This is nothing to do with the markets, it is how the mechanism of fixed bonds work. Most treasury bonds have a fixed regular payment (dividend) in terms of dollars, so if their price goes up, the yield as a % of that price will come down proportionately by the same amount.
%yield= 100 x total dividends over year/price of bond.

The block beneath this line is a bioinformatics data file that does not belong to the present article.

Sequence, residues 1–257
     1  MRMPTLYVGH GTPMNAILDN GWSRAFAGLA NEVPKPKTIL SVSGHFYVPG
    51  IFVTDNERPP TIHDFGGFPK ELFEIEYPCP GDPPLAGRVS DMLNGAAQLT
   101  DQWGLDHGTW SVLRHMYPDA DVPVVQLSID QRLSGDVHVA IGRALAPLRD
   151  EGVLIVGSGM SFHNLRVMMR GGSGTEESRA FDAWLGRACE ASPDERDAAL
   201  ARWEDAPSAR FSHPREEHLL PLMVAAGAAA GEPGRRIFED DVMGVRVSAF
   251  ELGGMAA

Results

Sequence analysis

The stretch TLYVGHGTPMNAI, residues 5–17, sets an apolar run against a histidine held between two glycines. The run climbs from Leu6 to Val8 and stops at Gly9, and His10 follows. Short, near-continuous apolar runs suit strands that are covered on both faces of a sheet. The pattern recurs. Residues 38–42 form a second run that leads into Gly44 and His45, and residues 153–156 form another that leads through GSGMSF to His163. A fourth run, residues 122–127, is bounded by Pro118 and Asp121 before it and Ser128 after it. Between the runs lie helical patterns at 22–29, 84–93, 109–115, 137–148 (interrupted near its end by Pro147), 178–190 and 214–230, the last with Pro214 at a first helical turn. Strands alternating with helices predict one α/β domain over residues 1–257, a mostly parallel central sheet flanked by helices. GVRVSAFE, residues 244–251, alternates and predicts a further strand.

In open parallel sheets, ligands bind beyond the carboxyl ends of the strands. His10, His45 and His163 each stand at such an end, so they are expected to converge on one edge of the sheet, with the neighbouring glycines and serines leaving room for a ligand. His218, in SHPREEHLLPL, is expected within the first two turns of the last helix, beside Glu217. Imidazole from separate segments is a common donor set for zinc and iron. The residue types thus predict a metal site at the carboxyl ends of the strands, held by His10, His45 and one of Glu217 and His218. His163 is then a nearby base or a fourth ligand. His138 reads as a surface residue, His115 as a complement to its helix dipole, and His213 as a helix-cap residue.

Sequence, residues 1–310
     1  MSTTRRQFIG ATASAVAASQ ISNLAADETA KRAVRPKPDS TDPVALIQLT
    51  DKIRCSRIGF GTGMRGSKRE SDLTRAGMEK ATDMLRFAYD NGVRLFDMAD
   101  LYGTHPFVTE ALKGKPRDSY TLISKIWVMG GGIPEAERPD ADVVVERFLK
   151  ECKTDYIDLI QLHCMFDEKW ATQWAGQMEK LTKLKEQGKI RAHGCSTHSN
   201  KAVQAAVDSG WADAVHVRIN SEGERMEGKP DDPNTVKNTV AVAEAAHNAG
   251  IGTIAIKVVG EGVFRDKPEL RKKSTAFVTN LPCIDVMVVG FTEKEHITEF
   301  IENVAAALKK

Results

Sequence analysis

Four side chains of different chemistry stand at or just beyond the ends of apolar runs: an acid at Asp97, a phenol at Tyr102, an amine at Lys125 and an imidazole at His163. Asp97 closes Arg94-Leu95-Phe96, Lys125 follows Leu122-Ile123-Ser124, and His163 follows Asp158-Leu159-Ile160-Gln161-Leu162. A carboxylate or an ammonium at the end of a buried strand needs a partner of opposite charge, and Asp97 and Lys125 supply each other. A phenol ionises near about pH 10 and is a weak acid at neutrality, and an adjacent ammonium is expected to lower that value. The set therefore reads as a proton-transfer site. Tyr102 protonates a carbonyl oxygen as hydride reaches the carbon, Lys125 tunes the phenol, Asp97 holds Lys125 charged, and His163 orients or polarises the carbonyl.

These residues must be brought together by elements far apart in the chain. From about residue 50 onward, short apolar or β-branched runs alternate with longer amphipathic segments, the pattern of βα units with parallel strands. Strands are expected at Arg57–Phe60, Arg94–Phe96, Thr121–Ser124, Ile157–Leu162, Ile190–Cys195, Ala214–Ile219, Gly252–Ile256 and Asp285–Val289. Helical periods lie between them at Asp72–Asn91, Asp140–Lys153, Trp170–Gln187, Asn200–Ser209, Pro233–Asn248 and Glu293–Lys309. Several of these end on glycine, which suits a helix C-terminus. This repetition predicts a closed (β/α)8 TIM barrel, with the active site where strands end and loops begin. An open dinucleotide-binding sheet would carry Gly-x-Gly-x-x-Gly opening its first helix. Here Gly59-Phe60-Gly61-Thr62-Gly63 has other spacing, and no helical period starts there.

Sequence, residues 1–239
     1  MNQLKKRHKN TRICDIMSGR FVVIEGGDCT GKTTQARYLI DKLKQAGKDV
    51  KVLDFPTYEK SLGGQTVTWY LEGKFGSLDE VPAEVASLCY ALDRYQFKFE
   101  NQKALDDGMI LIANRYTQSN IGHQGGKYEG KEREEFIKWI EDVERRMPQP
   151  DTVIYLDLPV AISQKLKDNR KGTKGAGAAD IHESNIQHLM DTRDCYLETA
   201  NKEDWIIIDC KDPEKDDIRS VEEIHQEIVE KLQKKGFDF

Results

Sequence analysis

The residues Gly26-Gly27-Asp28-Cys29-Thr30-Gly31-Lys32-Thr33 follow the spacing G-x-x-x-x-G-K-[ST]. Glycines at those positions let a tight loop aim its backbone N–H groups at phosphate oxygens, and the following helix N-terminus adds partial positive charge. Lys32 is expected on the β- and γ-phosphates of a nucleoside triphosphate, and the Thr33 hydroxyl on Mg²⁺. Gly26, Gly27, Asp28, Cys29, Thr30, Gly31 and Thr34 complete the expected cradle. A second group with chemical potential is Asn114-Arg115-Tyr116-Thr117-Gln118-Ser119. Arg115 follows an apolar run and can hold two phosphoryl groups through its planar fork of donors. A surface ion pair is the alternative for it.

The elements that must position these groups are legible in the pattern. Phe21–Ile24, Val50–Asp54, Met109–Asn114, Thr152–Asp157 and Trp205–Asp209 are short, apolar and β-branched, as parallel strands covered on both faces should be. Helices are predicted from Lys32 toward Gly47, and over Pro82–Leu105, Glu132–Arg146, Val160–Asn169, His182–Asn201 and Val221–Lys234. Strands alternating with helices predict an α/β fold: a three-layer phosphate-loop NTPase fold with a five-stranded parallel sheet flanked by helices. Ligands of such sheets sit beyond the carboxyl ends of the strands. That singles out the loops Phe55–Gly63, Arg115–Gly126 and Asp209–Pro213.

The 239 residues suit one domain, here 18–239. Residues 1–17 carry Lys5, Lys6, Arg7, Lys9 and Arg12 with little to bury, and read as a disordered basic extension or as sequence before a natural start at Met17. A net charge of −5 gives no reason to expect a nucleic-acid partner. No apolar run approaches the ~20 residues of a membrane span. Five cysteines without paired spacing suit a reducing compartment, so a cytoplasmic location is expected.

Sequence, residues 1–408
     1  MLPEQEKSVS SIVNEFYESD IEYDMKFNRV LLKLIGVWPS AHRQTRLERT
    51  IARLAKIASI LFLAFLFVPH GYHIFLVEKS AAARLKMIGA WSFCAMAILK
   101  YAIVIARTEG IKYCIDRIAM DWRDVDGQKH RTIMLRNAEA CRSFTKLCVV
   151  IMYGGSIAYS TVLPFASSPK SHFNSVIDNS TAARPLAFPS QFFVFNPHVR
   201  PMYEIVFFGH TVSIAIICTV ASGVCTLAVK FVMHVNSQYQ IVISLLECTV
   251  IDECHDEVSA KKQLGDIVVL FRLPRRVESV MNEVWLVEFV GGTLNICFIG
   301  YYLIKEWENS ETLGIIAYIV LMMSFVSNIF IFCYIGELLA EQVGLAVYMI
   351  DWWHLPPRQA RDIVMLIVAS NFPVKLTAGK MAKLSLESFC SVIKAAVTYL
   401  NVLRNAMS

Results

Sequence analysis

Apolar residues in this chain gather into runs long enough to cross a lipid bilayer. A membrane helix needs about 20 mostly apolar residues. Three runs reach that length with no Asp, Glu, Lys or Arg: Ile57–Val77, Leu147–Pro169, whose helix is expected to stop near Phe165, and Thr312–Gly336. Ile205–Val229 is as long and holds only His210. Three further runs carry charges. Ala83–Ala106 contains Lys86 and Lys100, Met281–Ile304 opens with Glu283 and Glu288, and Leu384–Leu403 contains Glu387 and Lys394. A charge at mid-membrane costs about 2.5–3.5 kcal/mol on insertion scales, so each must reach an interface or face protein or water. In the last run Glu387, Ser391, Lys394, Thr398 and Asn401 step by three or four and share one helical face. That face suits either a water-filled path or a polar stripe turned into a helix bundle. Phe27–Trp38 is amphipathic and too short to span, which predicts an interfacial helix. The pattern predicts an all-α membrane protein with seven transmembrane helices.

The name of the bond usually indicates what the original yield was when issued, you will notice these are quite high. eg. Treasury 9% in relation to present day interest rates.
Similarily for shares (although their dividends can vary) that is why many UK share yields are quite high, relative to a few years ago, it isn't because they have been increased in absolute terms the underlying share price has gone down and the dividend in £s hasn't been changed by as much.